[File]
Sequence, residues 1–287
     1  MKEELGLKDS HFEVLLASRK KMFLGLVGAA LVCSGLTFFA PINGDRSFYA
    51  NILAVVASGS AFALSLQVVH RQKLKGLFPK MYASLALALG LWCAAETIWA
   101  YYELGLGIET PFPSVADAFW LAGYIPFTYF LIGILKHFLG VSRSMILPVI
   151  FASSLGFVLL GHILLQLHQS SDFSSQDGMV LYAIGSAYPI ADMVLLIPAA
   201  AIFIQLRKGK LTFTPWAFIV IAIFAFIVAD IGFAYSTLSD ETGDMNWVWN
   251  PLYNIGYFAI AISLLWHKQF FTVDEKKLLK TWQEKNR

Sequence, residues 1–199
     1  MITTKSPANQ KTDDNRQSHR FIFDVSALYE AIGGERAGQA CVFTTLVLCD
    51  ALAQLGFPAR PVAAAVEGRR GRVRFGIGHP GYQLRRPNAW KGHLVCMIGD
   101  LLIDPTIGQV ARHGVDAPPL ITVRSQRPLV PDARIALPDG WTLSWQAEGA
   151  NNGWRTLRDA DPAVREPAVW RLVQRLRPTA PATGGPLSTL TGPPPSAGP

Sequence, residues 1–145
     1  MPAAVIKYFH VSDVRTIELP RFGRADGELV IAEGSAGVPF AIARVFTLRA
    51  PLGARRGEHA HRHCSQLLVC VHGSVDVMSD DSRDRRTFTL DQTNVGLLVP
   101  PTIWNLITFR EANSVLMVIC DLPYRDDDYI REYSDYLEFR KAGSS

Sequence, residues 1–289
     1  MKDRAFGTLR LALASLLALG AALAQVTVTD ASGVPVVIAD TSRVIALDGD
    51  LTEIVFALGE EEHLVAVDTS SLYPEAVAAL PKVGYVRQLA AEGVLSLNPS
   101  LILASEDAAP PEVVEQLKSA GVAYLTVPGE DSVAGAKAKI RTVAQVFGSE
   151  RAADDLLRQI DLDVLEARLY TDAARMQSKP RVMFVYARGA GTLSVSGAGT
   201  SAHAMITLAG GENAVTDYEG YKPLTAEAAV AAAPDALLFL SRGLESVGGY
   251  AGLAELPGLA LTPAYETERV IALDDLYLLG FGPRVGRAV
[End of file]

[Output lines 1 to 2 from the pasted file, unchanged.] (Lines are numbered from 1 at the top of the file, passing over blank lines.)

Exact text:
Sequence, residues 1–287
     1  MKEELGLKDS HFEVLLASRK KMFLGLVGAA LVCSGLTFFA PINGDRSFYA